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StephY

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About StephY

  • Rank
    Advanced Member
  • Birthday 05/12/1972

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  • Location
    NYC
  • Interests
    Food, glorious food.<br>And wine.<br>And finding reasons to return to restaurants.<br>And finding reasons *not* to return.
  1. My mom ate at Sunset Cove, last Friday night, and told me that the food was good, but not great. It's a lovely location, right on the Hudson, but it also attracts the after-work suit crowd for drinks. If you want cozy & quiet, this won't be the place for you. Mighty Joe's, in White Plains (610 W. Hartsdale Rd), is very good for grilled fish & meats. It's also not a quiet place, but the food is consistently good, in my experience. Stay away from the Chart House, down by the waterfront & train station, in Dobbs Ferry. It's nice to sit on the patio, watching the boats on the Hudson, sipping a glass of wine, but that's about it. The food is notoriously mediocre & the prices make Alain Ducasse look like a bargain. They used to make a good key lime pie, but not even that is worth the trip, anymore. I never knew Scaramella's was any good! I lived in Dobbs Ferry for 18 years & that spot used to host Casa Mia & then a slew of other forgettable red sauce joints. I'm glad there's finally a decent Italian, there.
  2. StephY

    Prospect Heights

    Seth, Your insight is valuable - thank you. As mentioned, I plan on taking some time to wander around the neighborhood (at different times of day/night & on different days of the week). I've lived in areas that are supposed to be "luxury," yet a low-income housing project was 2 blocks away. I've lived in more down-at-the-heels neighborhoods & found them to be homey & lovely & safe. It's so individual, looking around & asking around are the only ways to really know what you're getting yourself into. If I have more questions, do you mind if I ask you? Steph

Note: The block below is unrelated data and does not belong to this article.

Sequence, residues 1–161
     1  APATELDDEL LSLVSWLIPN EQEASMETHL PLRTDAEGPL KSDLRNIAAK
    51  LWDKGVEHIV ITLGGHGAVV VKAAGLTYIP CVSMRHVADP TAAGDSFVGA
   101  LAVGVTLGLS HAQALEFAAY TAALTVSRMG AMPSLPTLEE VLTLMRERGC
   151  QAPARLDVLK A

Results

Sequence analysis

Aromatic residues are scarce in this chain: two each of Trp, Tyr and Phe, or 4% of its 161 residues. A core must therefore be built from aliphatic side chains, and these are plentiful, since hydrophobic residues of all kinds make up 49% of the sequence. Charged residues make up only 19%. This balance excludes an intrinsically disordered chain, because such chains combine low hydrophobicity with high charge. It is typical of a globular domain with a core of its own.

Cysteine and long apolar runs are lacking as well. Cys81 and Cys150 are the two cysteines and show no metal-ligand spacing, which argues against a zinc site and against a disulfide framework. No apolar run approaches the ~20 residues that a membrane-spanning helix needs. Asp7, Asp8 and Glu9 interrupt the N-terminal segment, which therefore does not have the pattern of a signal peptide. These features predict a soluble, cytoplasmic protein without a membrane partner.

3. StephY

    Prospect Heights

    Thank you all for the replies. I will definitely check the neighborhood out, very carefully. The nice thing about the apartment that's available, is that it's not ready until November. That gives me some time to futz around, before I agree to put down a deposit. (it's a rental) I'm cool with a neighborhood being up-and-coming, as long as I can get some vital services delivered (like FreshDirect). I'll do more research, but I'm glad to have restaurant names to specifically check out. I'll also visit Chowhound's boards. I figured I'd start here, because the members tend to be a little bit more discriminating.
  4. StephY

    Prospect Heights

    I have a dual purpose, here. 1. Find out what's good to eat in Prospect Heights, specifically the area within 5 blocks of Pacific & Washington; 2. Ask an off-topic question & see if anyone knows anything about that neighborhood, on the whole. Some of NYMag's cheap eats listings were for that nabe, but that doesn't tell me if it's the kind of place I want to live. Opinions? About the food & about the neighborhood? Thanks!